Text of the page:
As every cybersecurity expert and law enforcement pro knows, hope is not a strategy. The upcoming EU General Data Protection Regulation (GDPR) forces those who process personally identifiable information (PII) in any way to have a real strategy in place to achieve compliance. They may be in for a surprise because, perhaps unsettlingly for many IT security experts, cybersecurity tools and techniques are only part of the answer. To think otherwise is to take an incredibly myopic view of the challenge, and opportunity, that GDPR presents.

The sheer amount of rights reinforced or extended by the GDPR demonstrate the scope of the issue for many organizations. In addition to the right for Freedom of Information, which currently keeps many of the EU national governments in check, GDPR touches on much stronger data subject rights around data access and the right to be forgotten.

Let’s look at the right to be forgotten and data access for a moment. In order to meet your obligations to data subjects, you need to catalogue, be able to present all PII data on demand, eliminate those records from your systems, and prove you’ve done so if challenged by regulators or, in the worst case, lawyers.

Nuix’s specialization in helping you build a data map, quickly search massive volumes of information, and keeping data sterile and presentable for forensic inspection by legal professionals makes the whole process way less daunting.

If you have not yet switched to Nuix as part of your GDPR solution, there are five tell-tale signs the regulation may be an issue for you this year.

1. You’ve underestimated the scope of the work

Simply reviewing and upgrading your data systems, cataloguing the data held by your employees on all devices, and reiterating the heightened rules around data privacy is unlikely to be enough to comply with the full range of GDPR rules. Give yourself time to remediate the issues that your preparatory work reveals.

2. You use cybersecurity tools for information governance jobs

Clearly, no cybersecurity strategy is fool proof, and most organizations assume they will be breached (or they should). Despite this, most cybersecurity tools promise to protect against breaches. Don’t believe the hype. Failing to plan for post-breach fallout is unforgivable, and it starts with a strong information governance program to understand your risk landscape. That requires purpose-built software and dedication to using it to its fullest capability.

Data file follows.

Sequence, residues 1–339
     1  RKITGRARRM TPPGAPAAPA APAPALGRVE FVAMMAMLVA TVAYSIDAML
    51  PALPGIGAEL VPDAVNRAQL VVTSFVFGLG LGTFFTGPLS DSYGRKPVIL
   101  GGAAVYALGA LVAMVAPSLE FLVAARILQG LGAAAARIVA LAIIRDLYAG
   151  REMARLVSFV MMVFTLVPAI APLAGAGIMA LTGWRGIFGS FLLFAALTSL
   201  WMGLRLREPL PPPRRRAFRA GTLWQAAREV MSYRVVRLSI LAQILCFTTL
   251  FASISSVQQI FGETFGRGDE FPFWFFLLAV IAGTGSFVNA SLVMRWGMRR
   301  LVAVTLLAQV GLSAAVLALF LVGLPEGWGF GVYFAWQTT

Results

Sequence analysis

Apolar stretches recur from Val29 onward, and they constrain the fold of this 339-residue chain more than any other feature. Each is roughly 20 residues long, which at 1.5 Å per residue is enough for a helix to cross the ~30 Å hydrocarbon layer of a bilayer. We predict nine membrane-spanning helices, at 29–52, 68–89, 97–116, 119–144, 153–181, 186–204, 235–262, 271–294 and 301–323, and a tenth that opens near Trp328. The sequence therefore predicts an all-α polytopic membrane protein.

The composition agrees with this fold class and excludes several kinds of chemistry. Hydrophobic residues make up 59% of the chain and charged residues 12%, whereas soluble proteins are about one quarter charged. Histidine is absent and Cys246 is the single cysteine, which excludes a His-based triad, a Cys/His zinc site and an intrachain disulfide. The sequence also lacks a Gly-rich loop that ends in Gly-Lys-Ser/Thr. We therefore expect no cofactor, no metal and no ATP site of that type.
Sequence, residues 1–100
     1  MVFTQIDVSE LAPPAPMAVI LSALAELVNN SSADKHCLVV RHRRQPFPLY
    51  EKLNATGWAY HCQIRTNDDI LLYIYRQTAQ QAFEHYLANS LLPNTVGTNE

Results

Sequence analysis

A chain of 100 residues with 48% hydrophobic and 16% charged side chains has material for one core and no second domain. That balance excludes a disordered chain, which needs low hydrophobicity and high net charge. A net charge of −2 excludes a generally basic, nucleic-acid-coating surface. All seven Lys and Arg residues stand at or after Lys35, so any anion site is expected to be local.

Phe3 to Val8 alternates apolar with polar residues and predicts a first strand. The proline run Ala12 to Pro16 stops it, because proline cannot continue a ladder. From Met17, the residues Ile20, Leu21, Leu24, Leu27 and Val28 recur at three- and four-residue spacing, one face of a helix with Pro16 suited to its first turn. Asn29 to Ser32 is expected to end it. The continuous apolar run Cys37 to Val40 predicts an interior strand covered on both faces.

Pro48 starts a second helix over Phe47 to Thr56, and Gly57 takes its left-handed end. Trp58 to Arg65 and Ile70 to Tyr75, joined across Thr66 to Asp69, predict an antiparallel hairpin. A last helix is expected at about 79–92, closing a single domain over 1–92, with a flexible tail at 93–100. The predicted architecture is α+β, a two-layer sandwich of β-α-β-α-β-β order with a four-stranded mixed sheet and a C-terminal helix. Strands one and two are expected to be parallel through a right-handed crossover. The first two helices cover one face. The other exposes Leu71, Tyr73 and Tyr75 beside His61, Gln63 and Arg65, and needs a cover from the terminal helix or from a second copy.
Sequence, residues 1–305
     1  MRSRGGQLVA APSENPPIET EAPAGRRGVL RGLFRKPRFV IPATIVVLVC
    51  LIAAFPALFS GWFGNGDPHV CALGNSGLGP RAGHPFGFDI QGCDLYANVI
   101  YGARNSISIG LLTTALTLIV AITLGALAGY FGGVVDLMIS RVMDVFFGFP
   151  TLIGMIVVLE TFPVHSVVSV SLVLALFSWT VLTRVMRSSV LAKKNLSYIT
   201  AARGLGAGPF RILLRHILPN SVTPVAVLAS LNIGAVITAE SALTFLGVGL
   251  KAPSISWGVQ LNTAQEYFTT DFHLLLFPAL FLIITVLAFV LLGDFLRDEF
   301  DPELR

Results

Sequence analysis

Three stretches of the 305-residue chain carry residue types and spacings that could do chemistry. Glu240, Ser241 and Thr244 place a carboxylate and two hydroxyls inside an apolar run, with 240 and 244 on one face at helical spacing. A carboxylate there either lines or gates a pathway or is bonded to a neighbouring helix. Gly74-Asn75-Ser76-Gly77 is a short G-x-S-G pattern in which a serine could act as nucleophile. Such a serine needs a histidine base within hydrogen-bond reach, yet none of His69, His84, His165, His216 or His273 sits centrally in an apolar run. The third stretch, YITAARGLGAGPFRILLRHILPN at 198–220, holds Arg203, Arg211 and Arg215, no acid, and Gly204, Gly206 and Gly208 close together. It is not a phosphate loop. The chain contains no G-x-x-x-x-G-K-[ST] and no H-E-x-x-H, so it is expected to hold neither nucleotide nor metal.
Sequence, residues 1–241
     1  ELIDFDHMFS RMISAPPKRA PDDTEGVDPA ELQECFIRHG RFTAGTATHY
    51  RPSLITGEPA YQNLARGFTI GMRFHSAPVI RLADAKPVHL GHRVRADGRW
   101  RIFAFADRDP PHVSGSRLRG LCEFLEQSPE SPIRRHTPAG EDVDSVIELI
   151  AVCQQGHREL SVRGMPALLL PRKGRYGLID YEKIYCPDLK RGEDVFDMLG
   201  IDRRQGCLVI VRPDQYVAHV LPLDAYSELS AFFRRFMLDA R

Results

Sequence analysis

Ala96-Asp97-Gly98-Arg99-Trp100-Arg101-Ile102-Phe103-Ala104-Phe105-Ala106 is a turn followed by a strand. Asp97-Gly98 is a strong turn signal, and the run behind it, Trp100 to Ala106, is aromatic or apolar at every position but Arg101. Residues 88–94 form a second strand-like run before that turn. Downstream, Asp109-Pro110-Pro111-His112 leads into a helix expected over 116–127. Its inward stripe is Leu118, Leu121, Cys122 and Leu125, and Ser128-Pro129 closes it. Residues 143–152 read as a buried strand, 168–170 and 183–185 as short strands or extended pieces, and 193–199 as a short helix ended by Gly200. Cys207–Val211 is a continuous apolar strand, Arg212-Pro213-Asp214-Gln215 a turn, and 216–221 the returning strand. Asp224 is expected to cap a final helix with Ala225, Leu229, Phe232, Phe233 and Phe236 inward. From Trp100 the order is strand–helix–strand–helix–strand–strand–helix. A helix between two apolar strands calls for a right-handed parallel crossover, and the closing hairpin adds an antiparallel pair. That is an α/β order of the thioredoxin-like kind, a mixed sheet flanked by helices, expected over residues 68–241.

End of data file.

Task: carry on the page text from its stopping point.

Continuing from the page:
3. You are fully confident in-house teams are enough

Before GDPR, almost no organization had a Data Protection Officer (DPO). Assuming you already have, or are hiring, a DPO, it is unlikely all the skills you need for ongoing compliance are in-house today. It’s just too expensive to have experts in data privacy law, IT security, IT infrastructure, and regulatory compliance on-hand all the time. Most organizations will use external consultants for some or all of their GDPR planning and program implementation. It’s time to face up to facts and secure the best help you can, before the eleventh hour.

4. You shoot for bare minimum compliance

Before any prosecutions or regulatory actions come to light, many organizations will try to ‘get away’ with minimum compliance. Their rationale? There are many more places for the regulators to look. It pays to realize that those in charge of enforcing the new regulations are incentivized to make examples of those who willfully do too little. There are also a potential 500 million data subjects in the EU, any of whom can invoke some very strong legislation, which will test even the best prepared companies.

5. You are missing the opportunity to ‘clean house’

GDPR is not all bad news. The process to get and remain compliant is an ideal opportunity to log the state of the PII you store and process. Radically improving the data privacy you offer your customers comes with internal benefits too. Once you clarify data processes and clean up your data, you can use big data technologies to focus your efforts, develop new products and services, and reduce the cost of storing useless or outdated information.

In this way, playing by the rules may well put those who do the best job of ‘cleaning house’ in a leadership example.